There is another story of a second planned escape attempt, although it is doubtful whether it was actually going to be carried out. The plan was to place enough supplies in a cave on the island so that several internees could hide there for a couple of weeks and pretend they had escaped. Once the search for them had been scaled down they would capture another vessel and escape. However, the armistice came and an escape plan was not needed. It is believed that some of these supplies may still be in the cave, but rock has collapsed over the entrance and the cave is now filled with sediment.•
Lieutenant Colonel Charles Harcourt Turner was the commandant of the internment camp for most of the war. The escape by Von Luckner changed everything for him.
On the 13th December he returned from Auckland at 6 pm in his launch “Pearl” with his daughter. The launch should have been put on a mooring but was left tied to the wharf. The escape took place at 6.15 pm in daylight. Turner was immediately suspended for culpable negligence due to the inadequate arrangements for ensuring the security of his launch. There was a court martial. His defence said that Von Luckner exploited Turner’s good nature. His friendly, relaxed methods at the internment camp had been adequate for the years he had been the commandant. Also he was under staffed and the army had actually reduced the number of personnel on the island not long before the escape. Turner was dismissed from the NZ Defence Force.
His successor was Major Samuel Charles Schofield. He ran a much stricter regime. He had no launch, the supply ship was armed and internees were not allowed out of the camp without a guard. Von Luckner and Kircheiss his navigation officer, returned to Motuihe in May 1918 and remained there until armistice on 11 November 1918. They were moved to Narrow Neck in 1919 until they were repatriated to Germany in May 1919.
Content taken from a survey of the trees conducted by Andy Dodd, Technical Support – Historic Auckland Conservancy in 2004.
In addition to their historic context these trees also derive significance from their aesthetic contribution to the landscape and their ability to explain activities occurring on Motuihe. Most of the trees were planted during the quarantine period 1872 to 1941. They were largely donated by wealthy benefactors to be planted by the internees for the purpose of providing fresh air and exercise and to beautify the island. It is probable that the olive grove was originally established when Brown and Campbell owned the island (1843 to 1872) but it is impossible to verify this with any certainty. Most of these trees are on the north western headland and the isthmus of Motuihe.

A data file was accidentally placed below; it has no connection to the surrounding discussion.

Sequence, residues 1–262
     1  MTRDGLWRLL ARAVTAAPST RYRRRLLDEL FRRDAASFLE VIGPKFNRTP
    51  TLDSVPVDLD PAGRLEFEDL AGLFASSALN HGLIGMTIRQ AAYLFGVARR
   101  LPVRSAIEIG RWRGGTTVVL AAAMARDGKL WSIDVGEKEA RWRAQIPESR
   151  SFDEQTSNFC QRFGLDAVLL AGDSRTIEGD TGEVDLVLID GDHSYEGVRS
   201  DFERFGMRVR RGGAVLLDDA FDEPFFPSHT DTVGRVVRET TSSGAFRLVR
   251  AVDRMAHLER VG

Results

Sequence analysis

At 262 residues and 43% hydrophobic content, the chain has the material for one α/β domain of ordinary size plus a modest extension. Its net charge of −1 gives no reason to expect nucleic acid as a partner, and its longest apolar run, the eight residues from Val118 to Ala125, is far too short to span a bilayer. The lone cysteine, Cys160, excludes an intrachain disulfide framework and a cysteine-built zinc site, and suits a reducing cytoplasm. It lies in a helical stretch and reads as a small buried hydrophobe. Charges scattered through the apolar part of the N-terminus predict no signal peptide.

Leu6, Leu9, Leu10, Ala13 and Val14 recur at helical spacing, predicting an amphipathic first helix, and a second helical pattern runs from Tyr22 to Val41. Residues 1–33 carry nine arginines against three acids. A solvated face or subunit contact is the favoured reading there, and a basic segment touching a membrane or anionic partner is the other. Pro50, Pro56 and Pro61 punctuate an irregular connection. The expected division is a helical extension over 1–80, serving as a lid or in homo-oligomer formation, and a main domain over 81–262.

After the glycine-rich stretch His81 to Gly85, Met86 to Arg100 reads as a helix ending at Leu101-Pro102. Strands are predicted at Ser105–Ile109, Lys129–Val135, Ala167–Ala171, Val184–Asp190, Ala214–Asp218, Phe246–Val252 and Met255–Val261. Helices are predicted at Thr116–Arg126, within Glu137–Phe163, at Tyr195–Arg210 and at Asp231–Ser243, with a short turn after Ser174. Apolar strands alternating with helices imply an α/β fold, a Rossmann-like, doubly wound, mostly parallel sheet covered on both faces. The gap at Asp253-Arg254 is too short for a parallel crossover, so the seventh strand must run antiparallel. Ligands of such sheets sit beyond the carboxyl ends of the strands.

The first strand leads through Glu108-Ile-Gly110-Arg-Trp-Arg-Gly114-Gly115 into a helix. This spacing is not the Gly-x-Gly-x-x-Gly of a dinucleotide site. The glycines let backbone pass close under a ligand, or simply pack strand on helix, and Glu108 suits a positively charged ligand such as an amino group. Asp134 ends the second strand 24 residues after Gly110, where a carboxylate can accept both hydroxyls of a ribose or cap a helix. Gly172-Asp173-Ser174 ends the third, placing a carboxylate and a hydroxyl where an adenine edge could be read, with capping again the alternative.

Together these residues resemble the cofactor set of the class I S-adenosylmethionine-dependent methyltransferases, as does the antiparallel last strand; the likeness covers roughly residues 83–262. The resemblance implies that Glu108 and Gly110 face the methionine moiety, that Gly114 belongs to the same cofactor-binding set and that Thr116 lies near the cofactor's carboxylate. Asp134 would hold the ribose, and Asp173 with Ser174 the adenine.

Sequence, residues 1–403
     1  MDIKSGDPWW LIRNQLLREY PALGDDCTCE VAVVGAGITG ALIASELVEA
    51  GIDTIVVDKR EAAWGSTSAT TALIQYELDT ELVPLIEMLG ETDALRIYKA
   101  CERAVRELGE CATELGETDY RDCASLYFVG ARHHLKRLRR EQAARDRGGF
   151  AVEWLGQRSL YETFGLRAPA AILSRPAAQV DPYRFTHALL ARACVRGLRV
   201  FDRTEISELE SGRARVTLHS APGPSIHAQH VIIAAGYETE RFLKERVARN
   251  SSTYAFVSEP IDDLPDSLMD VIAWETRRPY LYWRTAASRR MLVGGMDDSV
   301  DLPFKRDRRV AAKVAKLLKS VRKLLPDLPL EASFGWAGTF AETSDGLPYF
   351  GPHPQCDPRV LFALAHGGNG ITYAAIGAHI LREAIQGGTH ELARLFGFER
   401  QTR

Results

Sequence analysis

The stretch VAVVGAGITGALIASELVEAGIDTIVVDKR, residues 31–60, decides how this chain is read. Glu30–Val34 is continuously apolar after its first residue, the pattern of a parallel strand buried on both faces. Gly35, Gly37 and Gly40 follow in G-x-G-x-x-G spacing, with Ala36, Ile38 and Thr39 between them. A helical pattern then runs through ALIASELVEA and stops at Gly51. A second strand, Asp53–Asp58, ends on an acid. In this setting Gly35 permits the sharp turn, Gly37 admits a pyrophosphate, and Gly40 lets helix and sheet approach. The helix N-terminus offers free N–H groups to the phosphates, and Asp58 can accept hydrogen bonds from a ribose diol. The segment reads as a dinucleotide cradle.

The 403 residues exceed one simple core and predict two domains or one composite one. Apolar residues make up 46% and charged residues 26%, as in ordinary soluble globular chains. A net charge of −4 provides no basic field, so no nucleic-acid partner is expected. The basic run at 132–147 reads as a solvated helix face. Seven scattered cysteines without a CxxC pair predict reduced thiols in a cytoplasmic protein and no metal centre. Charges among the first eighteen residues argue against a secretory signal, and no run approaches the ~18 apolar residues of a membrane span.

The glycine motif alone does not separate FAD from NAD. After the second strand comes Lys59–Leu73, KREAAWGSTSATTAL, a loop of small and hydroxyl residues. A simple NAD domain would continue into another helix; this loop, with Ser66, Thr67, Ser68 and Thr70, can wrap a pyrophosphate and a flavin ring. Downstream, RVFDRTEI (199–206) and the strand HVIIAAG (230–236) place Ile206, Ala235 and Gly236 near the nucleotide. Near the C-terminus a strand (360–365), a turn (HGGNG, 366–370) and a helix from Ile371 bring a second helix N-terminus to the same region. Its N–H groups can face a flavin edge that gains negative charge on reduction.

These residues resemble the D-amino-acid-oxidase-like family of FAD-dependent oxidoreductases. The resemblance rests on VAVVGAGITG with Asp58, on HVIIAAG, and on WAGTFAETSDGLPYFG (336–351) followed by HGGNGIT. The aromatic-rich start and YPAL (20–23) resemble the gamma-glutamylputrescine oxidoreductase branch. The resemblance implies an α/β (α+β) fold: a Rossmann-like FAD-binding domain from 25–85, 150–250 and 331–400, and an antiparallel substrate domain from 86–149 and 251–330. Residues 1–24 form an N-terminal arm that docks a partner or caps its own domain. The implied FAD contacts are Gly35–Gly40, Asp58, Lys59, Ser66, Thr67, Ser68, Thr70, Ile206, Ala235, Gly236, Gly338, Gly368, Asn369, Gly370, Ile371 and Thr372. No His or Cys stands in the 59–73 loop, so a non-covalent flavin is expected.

The Norfolk pines give the iconic view of Motuihe as you approach the wharf.
There are numerous Norfolk Pines on the road up to the headland, on the isthmus and also across the main part of the island where they were used as a wind break when it was a farm. Motuihe is the only known place other than Norfolk Island where Norfolk pines are naturalized.
The Norfolk pines are considered an iconic part of the Motuihe landscape.
The olive grove is between the headland road and the Surgeon’s Cottage. These trees do produce fruit that has been collected by some families over decades.
The farm had an orchard of pear and Christmas plum trees. The remnants still remain and they give their name to Orchard Bush through which the Saddleback track winds.
There are two magnificent examples on the main avenue up to the headland near the toilet block.
There were 10 of these historic trees planted after the First WW from seed brought back by soldiers from Gallipoli. Some were on the cliffs of the headland, some on the low cliff opposite the kiosk and the biggest group up above the Surgeon’s cottage. They were all cut down because they were a danger to the public being over 100 years old. However, one seedling survives and is fenced and labeled above the Surgeon’s Cottage. The Aleppo pine growing on the lawn outside the north entrance to the Auckland War memorial Museum was planted in 2003 from seed taken from Motuihe Island.